1. Debt Management

Another option is for the borrower to enroll in a debt management program or plan (DMP) and receive assistance from a credit counseling service. A qualified credit counselor will work with the individual to put together a budget, create a plan to pay off the debt and to work with the creditors to negotiate the debt. Also, under a DMP, the person will consolidate the debt into one monthly payment with a small monthly fee that is capped by the state. This option is available for individuals with poor credit, and the process can take approximately four to five years.

It is important that the person find a company who is qualified, such as the Financial Counseling Association of America. If a company promises the debtor that it will be able to completely get rid of the debt, it is likely a scam. Do the homework before choosing a company.

  1. File Bankruptcy

Sometimes, the individual has no choice but to file for bankruptcy if the amount of debt is too much to handle. It is at this point that a bankruptcy attorney needs to be consulted. An attorney can help the person determine whether other options exist, and if no other option does exist, the attorney can advise the individual on what type of bankruptcy is best for his or her situation, whether that be Chapter 7, 11 or 13 bankruptcy.

If you have questions on this topic or are in financial crisis and considering filing for bankruptcy, contact an experienced Miami bankruptcy attorney who can advise you of all of your options. As an experienced CPA as well as a proven bankruptcy lawyer, Timothy Kingcade knows how to help clients take full advantage of the bankruptcy laws to protect their assets and get successful results. Since 1996 Kingcade Garcia McMaken has been helping people from all walks of life build a better tomorrow. Our attorneys’ help thousands of people every year take advantage of their rights under bankruptcy protection to restart, rebuild and recover. The day you hire our firm, we will contact your creditors to stop the harassment. You can also find useful consumer information on the Kingcade Garcia McMaken website at www.miamibankruptcy.com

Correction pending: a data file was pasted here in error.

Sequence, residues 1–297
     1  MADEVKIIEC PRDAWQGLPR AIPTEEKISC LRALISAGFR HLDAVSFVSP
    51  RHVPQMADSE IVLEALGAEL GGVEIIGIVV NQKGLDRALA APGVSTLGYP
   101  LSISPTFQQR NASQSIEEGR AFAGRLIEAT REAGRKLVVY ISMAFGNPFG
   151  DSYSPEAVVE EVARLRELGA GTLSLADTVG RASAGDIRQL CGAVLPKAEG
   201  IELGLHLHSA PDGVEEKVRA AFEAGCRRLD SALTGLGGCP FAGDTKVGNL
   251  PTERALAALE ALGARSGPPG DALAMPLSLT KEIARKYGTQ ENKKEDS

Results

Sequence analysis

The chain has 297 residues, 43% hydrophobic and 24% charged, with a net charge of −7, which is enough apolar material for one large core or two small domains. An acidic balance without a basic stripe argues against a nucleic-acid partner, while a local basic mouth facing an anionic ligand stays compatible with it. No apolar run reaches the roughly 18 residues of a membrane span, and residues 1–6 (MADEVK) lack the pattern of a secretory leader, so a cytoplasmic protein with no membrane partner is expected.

Related Resources: http://blog.credit.com/2018/05/5-ways-you-can-erase-your-credit-card-debt-183081/

 

Can a Person File for Bankruptcy More Than Once?

May 2, 2018 Posted by kingcade

Many clients want to know if a previous bankruptcy filing is going to prevent them from being able to file again. Many factors go into when and whether it can be done, but the two biggest factors are what type of bankruptcy was filed previously and how long ago the case was filed.

No Bar for Subsequent Filings Exist

The good news for bankruptcy filers is there are no limits on the number of times a person can file for bankruptcy. However, the bankruptcy courts do not want to see individuals misuse the system with multiple filings made in bad faith. It is for this reason that the law does impose certain statutory requirements and prerequisites that filers must meet to be able to file again. If an individual has filed for bankruptcy previously, it is important that he or she contact an experienced bankruptcy attorney to discuss the options available, as well as the requirements for filing again.